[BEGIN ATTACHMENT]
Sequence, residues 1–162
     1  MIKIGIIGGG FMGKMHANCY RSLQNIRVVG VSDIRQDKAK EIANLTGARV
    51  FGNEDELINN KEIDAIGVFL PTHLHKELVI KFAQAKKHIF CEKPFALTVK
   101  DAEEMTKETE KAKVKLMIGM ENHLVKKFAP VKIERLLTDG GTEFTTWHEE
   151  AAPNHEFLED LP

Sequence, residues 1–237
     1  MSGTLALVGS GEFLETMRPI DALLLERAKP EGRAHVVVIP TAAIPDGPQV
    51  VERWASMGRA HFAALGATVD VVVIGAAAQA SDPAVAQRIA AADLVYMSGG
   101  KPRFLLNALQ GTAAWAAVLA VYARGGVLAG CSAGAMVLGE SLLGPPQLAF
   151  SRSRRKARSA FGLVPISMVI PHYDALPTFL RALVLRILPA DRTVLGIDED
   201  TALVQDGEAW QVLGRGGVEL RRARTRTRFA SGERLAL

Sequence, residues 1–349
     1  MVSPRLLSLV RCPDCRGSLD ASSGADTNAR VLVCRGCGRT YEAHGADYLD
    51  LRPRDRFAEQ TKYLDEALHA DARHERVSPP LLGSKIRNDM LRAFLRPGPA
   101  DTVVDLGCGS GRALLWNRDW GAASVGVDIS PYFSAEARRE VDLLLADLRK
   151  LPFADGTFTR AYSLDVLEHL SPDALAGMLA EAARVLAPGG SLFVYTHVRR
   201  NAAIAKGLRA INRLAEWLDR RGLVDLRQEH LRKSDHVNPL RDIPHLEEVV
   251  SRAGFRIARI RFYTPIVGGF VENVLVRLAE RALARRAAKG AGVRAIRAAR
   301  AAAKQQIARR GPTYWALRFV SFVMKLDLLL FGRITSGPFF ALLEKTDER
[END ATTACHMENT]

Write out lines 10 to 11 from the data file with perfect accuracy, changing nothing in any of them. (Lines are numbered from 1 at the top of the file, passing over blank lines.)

   151  SRSRRKARSA FGLVPISMVI PHYDALPTFL RALVLRILPA DRTVLGIDED
   201  TALVQDGEAW QVLGRGGVEL RRARTRTRFA SGERLAL